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Home :: Archive :: 2007 :: October ::
Problem Shrews
The Shakespeare Conference: SHK 18.0723  Monday, 22 October 2007

[1] 	From:	Charles Weinstein <
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	Date:	Sunday, 21 Oct 2007 14:53:07 -0400
	Subj:	RE: SHK 18.0713 Problem Shrews

[2] 	From:	Richard Regan <
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	Date:	Sunday, 21 Oct 2007 18:47:32 -0400
	Subj:	Re: SHK 18.0713 Problem Shrews

[3] 	From:	Robert Projansky <
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	Date:	Monday, 22 Oct 2007 00:54:29 -0700
	Subj:	Re: SHK 18.0713 Problem Shrews

[4] 	From:	Cary Dean Barney <
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	Date:	Monday, 22 Oct 2007 11:29:06 +0200
	Subj:	Re: SHK 18.0713 Problem Shrews


[1]-----------------------------------------------------------------
From:		Charles Weinstein <
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Date:		Sunday, 21 Oct 2007 14:53:07 -0400
Subject: 18.0713 Problem Shrews
Comment:	RE: SHK 18.0713 Problem Shrews


Katharine, we know, is physically abusive towards others, and is so 
repeatedly. She hits Hortensio over the head with a lute; she binds her 
sister's hands; she strikes Petruchio. Is it wholly unreasonable to 
expect her victims to respond in kind? "In kind," of course, involves 
the concept of pulling one's punches in equitable fashion--though it is 
an open question whether Katharine is truly weaker than some of the men 
in the play.

--Charles Weinstein

[2]-----------------------------------------------------------------
From:		Richard Regan <
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Date:		Sunday, 21 Oct 2007 18:47:32 -0400
Subject: 18.0713 Problem Shrews
Comment:	Re: SHK 18.0713 Problem Shrews

In Mark Lamos' all male production at Yale Rep, such casting revealed 
that the play can reveal men's ideas about women. The next  summer, the 
all female Shrew at the New Globe presumably revealed women's ideas 
about men. Either device takes us away from the tired war between the sexes.

Richard Regan
Fairfield University

[3]-----------------------------------------------------------------
From:		Robert Projansky <
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Date:		Monday, 22 Oct 2007 00:54:29 -0700
Subject: 18.0713 Problem Shrews
Comment:	Re: SHK 18.0713 Problem Shrews

Hardy says, "Melissa [Cook] married a few years ago and is now Melissa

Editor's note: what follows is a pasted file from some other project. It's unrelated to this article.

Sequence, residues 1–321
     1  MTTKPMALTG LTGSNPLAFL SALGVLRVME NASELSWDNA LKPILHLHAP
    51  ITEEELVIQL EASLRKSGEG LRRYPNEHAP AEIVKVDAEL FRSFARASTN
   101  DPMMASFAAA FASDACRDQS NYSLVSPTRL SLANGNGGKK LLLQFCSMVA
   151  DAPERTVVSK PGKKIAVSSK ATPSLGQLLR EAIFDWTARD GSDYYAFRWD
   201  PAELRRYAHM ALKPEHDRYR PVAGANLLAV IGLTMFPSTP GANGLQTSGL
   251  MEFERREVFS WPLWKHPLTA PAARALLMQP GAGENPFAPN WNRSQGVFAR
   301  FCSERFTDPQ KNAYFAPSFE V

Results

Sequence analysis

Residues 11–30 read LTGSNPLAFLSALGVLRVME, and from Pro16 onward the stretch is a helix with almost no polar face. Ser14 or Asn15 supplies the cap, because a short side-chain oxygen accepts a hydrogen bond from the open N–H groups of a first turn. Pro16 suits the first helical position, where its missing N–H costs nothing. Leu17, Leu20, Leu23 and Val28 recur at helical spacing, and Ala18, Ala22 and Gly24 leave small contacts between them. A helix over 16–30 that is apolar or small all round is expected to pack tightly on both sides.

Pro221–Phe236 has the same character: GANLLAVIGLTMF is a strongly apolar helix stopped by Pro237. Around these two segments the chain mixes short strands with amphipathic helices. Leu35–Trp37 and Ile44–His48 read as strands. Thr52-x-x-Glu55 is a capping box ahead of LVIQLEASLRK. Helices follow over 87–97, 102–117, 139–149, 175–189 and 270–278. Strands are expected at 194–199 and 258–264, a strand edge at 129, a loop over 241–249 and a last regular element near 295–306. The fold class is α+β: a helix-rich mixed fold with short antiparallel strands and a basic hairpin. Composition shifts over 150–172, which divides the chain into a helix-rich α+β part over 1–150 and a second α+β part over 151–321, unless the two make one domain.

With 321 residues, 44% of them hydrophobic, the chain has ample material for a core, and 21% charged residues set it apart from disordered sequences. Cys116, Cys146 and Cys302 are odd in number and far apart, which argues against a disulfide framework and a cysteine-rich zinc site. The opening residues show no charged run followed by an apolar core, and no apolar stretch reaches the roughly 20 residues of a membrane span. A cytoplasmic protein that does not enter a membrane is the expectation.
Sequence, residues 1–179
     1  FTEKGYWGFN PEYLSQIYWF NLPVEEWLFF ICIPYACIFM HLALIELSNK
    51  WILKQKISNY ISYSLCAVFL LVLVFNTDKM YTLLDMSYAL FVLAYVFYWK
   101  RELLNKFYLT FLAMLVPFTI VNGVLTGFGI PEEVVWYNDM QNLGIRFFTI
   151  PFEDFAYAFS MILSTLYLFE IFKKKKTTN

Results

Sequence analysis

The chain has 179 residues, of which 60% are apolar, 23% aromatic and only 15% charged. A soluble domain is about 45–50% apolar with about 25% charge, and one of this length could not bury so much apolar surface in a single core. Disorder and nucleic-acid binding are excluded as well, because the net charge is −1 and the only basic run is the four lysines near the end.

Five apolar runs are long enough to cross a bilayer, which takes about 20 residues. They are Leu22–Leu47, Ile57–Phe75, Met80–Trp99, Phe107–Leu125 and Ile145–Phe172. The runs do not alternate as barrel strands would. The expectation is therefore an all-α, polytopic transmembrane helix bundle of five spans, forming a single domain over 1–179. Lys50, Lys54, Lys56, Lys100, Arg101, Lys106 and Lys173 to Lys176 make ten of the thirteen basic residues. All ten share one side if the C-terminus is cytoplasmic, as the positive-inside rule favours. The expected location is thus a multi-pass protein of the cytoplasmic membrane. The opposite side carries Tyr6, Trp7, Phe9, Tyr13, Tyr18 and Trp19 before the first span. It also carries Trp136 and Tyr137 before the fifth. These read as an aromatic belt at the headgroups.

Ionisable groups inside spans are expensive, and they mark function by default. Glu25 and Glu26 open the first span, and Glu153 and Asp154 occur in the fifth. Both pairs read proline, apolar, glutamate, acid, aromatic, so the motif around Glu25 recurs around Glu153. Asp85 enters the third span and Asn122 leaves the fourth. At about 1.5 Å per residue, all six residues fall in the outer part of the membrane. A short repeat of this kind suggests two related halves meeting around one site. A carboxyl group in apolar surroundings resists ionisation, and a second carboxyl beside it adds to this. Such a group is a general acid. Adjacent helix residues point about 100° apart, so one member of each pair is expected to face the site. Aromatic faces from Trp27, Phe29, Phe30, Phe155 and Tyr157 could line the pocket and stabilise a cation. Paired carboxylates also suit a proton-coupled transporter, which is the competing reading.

Ralph."

Hmm . . .  Melissa Submissa?

Sorry, couldn't resist, beg forgiveness.

The repartee in Shrew is as good as in Much Ado (and it does have the 
dirtiest line in the canon), and there's too much good stuff in it to 
throw the play out, but the only production I've ever seen that I've 
liked at all is the very handsome 1967 Taylor/Burton movie. With her 
crockery-breaking and screeching Elizabeth Taylor's Kate did seem not 
only to need some behavior modification but to be well worth the 
trouble. P's taming efforts, though, do make me cringe.

I've enjoyed this discussion a lot, but I do have one small request: 
that Sam Small be let back in the room. The common run of mankind -- and 
womankind, too -- really does include all kinds.

Best to all,
Bob Projansky

[Editor's Note: No doors were closed to anyone. Fearing that responses 
would be directed to the man rather than to subject at hand, I requested 
responses to be private, selfishly hoping to save myself time and to 
learn from the past.]

[4]-----------------------------------------------------------------
From:		Cary Dean Barney <
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Date:		Monday, 22 Oct 2007 11:29:06 +0200
Subject: 18.0713 Problem Shrews
Comment:	Re: SHK 18.0713 Problem Shrews

It's instructive to come to this thread fresh from the recent one on 
authorial intent. All of these alternative "Shrews" seem to be ways of 
escaping what is perceived to be Shakespeare's intent and find ways to 
"mean by Shakespeare"...which we assume we must do if we don't want the 
play to deliver the message Sam Small takes from it. Luckily there are 
so many other meanings latent in it. Whether or not that's by 
Shakespeare's design or intention or just by accident or blind 
inspiration is the question.

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